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Responses

  1. Excellent thoughts, here, Stephen. Of course, as you well know, many of those arguing for Christian prayer in school events will claim that the Establishment Clause of the Constitution was never intended to prevent the “Establishment of Religion” (the actual language), but rather to prevent the establishment of one specific Christian denomination over another in a pluralistically “Christian” society. Others, of course, claim that it was intended to prevent establishment at the Federal level (“Congress shall make no law…”), but that the several States still each had the right to establish if they wished.

    All I mean to say by this is that even the interpretation of the meaning of the Constitution is not agreed upon by the participants in what can only loosely be described as a “dialog” on this issue.

    Have you ever seen the film “The Handmaid’s Tale?” I believe that’s a decent idea of what the theocracy these guys would create, would actually look like. It’s not a pretty picture…

    • Peace be with you, Dan. It’s great to hear from you. I always appreciate your thoughts on your blog because, as I’m sure I’ve said before, even if I don’t agree with something you’ve said at times, I enjoy reading those who are not afraid to question ‘orthodoxy’ and think for themselves.

      I don’t believe I’ve seen “The Handmaid’s Tale”, though it sounds like it might be worth seeing.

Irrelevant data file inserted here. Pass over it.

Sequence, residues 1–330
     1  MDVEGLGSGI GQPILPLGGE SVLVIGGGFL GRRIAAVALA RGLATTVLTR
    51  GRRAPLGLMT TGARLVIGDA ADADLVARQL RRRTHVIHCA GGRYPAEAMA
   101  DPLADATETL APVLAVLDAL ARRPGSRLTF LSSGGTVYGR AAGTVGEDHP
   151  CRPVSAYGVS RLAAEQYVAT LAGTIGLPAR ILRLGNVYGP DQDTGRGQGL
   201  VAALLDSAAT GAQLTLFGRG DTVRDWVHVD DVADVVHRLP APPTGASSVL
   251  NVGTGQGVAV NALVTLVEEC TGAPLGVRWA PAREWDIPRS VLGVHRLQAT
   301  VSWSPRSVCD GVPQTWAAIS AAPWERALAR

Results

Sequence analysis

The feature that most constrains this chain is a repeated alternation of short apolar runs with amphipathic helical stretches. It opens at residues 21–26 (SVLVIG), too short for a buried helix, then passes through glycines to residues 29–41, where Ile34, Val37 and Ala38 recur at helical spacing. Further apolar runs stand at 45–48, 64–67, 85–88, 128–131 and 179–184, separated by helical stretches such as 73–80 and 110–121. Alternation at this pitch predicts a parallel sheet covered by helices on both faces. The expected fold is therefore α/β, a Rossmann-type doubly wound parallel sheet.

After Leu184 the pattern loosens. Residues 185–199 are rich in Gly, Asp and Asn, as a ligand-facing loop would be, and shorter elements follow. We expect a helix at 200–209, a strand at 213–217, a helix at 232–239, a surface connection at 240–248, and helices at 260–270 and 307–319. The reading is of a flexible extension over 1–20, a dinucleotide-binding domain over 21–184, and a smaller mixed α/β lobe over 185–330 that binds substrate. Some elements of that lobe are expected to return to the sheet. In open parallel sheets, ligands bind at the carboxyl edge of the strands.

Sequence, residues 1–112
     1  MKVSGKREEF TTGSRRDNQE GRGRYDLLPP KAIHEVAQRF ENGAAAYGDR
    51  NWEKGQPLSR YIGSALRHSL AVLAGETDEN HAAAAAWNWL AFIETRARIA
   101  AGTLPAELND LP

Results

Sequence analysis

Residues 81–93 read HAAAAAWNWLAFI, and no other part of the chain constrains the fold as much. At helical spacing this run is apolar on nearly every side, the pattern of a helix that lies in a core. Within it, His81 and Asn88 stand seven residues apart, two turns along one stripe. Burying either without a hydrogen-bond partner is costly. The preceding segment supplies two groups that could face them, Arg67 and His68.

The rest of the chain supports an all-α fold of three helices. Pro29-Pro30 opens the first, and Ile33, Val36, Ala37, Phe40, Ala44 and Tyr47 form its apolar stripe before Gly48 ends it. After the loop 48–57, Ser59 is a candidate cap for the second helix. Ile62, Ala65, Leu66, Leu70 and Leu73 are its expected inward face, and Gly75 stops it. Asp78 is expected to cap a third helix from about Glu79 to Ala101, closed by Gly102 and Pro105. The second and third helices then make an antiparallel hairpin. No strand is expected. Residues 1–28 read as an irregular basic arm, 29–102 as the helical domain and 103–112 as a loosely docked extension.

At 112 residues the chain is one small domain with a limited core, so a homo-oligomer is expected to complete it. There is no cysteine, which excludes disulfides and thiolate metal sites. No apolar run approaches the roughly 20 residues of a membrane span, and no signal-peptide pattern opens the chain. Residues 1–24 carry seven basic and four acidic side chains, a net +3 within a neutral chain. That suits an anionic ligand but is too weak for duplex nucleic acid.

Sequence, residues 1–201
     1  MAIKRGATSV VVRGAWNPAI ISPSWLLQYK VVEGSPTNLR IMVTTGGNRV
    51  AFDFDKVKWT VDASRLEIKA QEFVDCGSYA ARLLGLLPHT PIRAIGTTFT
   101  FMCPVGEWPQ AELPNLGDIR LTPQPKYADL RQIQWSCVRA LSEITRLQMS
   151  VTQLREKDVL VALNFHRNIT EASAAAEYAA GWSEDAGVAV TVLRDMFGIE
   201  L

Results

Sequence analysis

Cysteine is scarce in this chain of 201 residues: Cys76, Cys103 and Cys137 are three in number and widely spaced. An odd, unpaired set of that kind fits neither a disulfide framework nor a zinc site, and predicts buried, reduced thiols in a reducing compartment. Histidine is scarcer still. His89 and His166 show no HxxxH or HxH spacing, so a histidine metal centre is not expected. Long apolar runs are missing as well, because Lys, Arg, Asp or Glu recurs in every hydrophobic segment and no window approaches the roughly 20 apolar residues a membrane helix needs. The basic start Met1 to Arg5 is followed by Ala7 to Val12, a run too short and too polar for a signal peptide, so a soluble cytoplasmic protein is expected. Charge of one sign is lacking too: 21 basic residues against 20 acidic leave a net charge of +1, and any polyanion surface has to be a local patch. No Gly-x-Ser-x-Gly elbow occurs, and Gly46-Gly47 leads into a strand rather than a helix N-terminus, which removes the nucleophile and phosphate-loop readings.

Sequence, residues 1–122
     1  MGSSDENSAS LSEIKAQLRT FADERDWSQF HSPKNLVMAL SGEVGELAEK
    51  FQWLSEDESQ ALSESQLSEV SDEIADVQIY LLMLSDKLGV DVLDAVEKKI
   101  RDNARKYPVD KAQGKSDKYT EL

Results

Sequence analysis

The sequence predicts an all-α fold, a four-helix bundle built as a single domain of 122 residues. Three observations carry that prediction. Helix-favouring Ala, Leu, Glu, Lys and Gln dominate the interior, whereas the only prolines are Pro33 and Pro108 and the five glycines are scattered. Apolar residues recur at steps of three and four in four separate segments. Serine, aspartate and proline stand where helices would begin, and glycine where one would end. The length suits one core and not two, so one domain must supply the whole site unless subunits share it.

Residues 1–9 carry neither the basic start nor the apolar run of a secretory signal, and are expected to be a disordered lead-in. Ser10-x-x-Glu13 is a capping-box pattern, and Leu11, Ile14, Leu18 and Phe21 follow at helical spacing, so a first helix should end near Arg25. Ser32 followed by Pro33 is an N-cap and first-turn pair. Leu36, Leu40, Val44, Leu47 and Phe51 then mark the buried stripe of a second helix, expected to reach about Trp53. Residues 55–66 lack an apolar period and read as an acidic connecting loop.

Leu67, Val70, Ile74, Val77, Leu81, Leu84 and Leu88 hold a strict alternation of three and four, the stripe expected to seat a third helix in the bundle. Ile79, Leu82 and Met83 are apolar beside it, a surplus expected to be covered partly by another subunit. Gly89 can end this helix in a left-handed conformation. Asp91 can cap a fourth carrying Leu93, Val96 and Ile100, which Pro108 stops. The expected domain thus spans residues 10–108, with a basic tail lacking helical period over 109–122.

For those who contend that the First Amendment only limits the Federal Government, not the states, the Fourteenth Amendment comes into play. As I pointed out in my article “Concerning the Nonestablishment Clause of the U.S. Constitution” this Amendment prohibits the individual states from making any restriction to the liberty of citizens which is prohibited to the Federal Government. This Amendment has been specifically applied by the courts to the “school prayer” controversy. If that ‘loophole’ ever actually existed, it has been closed by the Fourteenth Amendment. And I’m glad, because those who would impose some kind of Theocracy (Christian or otherwise) in our country or in the individual states will use every loophole they can find to pursue their agenda.

  2. Peace also with you, Stephen! And I think you know that I welcome brothers who disagree but strive to challenge one another to good works (not sure I like the “competing” phrase of the Quran, but that probably has more to do with what “competition” means to me as an American…don’t know the Arabic).

    And you are absolutely right that the theocrats don’t seem particularly controlled by anything outside their own convoluted narrative.